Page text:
Over this past weekend I made a trip up to Michigan State with my friend to visit his brothers and their friends. We needed a brief change of scenery from the gray skies of Ann Arbor and the Wisconsin/State game is definitely providing that for us. The Michigan State campus is beautiful. This wasn’t my first time traveling to East Lansing, so I knew how fun the weekend was about to be. The social scene at Michigan State has always been great every time I had made a trip up here. The sporting events and the parties that follow are never dull. Shortly after we arrived at State, we got ready for a night on the town. Even though it wasn’t game day, the nightlife was still vibrantly crowded with bar crawlers, neon-clad rave attendees, and partygoers alike. We decided to do the logical thing and bar hop around the campus. We noticed that since there were so many people in the streets, Lansing had bulked up on their police force for the night. There were even officers mounted on horses patrolling the streets, which was a bit pretentious for my taste, but I digress. The officers’ presence really didn’t phase anyone, however. It was me, my friend, his brothers, and a couple other friends with us. We went to a couple bars, but soon got tired of the same old scene over and over-enter a crowded bar, buy an absurdly expensive beer, and repeat. By the time we were over the bars, we weren’t even tipsy, but more so tired and hungry. I felt I needed to wake up a bit, so my friend and I decided to walk a couple blocks down to the 7-Eleven to grab a couple energy drinks. We were to meet up with the rest of the group at a restaurant adjacent to a couple of the bars we had gone to. My friend and I were gone for about 15 minutes. The rest of our group was heading to the restaurant when they ran into a couple of people they knew. While talking with them, a couple horse-mounted police officers approached the group, telling them to go home. One of our friends in the group, who I’ll refer to as V, was thrown off by the officers’ presence among them, believing it was a racially-fueled confrontation. I was actually the only non-black guy in our group, but as I stated before, I was out at 7-Eleven. Sometimes, such accusations regarding discrimination/racism have no basis to work off of, but V had a good reason to be inquisitive. They weren’t drunk and belligerent, and were conspicuous in their demeanor, they were just talking to some friends on the sidewalk. V’s inquisitive nature led to him telling the cops flat out that their confrontation was solely based on racism. V didn’t assault or touch any officer, he was only vocalizing himself, but this didn’t stop the officers from handcuffing V on the spot. V turned to one of our group members to tell him the number to his aunt’s home, who lived a couple miles away, so that she knew the situation. Without warning, V was tackled to the ground by a couple of the officers, with other officers coming to assist their fellow lawmen. V’s glasses were knocked off his face and landed on the concrete. One of our other group members bent down to pick up V’s glasses, but the officers wouldn’t even let him do that for V. V was then sent to the police station to be detained for the night. By the time my friend and I got back to the rest of the group, V was already on his way to the police station. There were several other bystanders who witnessed the ordeal, only to agree with the fact that such an act was totally uncalled for. Michigan State has been in the spotlight recently due to a few racially-driven events such as “racist messages being scrawled on doors; outright physical acts of racial intimidation; and the initial incident of a black doll being hung from a beaded noose in a chemistry lab shortly after the school year began in early September” (Smith 1). Now I am not saying that the incident involving V’s arrest was racially-driven, since it wasn’t explicitly racist, but it does make one wonder why police would solely approach a group of black people who were soberly talking to each other while there are drunken white girls stumbling about the streets. In fact, that very same night, I witnessed a drunken white girl stumbling down the street shoeless in front of a bar. Two white police officers walked by, looked at her, and kept walking. It might also be good to mention that this very same drunk girl , a mere 45 seconds after the cops passed her, began attempting (a big emphasis on ‘attempting’) to hit a black guy walking down the street and yelling explicitly racial slurs toward him. Social interactions such as these bring up a bunch of questions about racial perceptions in our society today. Was V’s arrest racially driven? If there was a black girl stumbling down the street shoeless, would those two white police officers react the same way as they did with the white girl? How rampant is racism today anyways? Have we really changed since the days of Jim Crow Laws, or are society’s perceptions of minorities still the same, but are able to lay under the radar better than it had before?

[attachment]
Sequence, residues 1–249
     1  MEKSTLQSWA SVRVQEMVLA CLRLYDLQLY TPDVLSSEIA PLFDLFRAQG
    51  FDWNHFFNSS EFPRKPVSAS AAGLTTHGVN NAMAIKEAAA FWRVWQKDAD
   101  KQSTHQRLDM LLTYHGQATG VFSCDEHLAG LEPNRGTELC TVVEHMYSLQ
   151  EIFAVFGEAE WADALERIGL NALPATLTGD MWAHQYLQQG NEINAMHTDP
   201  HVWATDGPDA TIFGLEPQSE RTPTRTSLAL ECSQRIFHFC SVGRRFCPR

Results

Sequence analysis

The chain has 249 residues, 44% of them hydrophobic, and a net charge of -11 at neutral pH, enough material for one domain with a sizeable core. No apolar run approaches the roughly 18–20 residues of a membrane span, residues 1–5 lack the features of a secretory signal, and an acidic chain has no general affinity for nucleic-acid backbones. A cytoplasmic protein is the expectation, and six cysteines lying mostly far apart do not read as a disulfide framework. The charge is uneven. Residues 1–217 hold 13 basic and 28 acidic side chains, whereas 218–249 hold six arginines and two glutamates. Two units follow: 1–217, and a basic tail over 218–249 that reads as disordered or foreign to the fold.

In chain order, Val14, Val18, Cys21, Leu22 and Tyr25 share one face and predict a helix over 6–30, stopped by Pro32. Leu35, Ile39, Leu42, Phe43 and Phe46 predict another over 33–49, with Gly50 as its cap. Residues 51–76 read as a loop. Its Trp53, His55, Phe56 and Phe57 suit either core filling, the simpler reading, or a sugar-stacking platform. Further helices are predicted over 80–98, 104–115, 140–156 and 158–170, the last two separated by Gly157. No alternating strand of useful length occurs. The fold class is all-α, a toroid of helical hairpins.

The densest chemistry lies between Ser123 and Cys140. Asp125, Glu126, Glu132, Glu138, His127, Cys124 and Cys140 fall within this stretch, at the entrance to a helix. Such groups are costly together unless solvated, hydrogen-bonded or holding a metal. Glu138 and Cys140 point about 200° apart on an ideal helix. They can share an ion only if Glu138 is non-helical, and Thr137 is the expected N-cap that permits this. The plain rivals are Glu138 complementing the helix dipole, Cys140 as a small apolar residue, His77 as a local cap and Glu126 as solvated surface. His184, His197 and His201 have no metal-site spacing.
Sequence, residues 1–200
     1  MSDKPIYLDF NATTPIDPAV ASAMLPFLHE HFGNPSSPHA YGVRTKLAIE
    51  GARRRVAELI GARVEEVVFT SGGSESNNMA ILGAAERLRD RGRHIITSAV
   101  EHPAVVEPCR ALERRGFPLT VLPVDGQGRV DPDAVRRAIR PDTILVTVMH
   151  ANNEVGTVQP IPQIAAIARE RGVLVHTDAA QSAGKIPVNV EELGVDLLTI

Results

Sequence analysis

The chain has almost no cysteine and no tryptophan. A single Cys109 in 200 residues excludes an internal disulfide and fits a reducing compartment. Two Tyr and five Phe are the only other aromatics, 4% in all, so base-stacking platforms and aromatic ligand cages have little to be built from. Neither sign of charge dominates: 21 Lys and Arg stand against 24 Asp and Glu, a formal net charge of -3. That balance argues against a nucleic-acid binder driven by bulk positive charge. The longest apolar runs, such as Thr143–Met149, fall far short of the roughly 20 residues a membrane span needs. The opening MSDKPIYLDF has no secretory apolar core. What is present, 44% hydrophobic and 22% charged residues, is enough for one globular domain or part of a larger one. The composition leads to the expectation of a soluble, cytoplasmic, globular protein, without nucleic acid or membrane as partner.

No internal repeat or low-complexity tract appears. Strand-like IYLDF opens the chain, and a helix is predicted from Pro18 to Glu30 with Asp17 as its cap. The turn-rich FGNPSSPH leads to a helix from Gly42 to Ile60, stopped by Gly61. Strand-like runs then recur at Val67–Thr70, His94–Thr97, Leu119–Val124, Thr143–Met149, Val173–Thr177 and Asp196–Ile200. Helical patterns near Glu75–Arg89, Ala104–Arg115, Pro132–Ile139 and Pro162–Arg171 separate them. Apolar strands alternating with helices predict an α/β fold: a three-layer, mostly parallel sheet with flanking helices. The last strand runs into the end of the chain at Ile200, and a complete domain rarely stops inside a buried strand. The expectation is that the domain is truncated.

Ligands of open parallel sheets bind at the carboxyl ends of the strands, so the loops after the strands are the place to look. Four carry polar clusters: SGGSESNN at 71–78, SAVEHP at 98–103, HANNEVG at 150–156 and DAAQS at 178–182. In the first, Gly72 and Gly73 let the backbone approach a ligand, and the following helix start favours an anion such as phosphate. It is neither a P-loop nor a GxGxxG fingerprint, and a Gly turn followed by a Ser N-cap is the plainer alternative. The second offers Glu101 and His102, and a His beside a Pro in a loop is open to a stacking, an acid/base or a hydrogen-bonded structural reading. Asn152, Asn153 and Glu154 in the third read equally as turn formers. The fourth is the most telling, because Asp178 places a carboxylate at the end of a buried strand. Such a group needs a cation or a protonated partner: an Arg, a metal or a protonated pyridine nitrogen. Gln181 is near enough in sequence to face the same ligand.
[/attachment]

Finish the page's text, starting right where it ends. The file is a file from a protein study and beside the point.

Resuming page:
Smith, Jay Scott. “Michigan State University rocked by racial intimidation.” thegrio.com. NBCUniversal, 06 Oct 2011. Web. 22 Oct 2011. <http://www.thegrio.com/education-1/michigan-state-university-rocked-by-racial-intimidation.php?page=1>.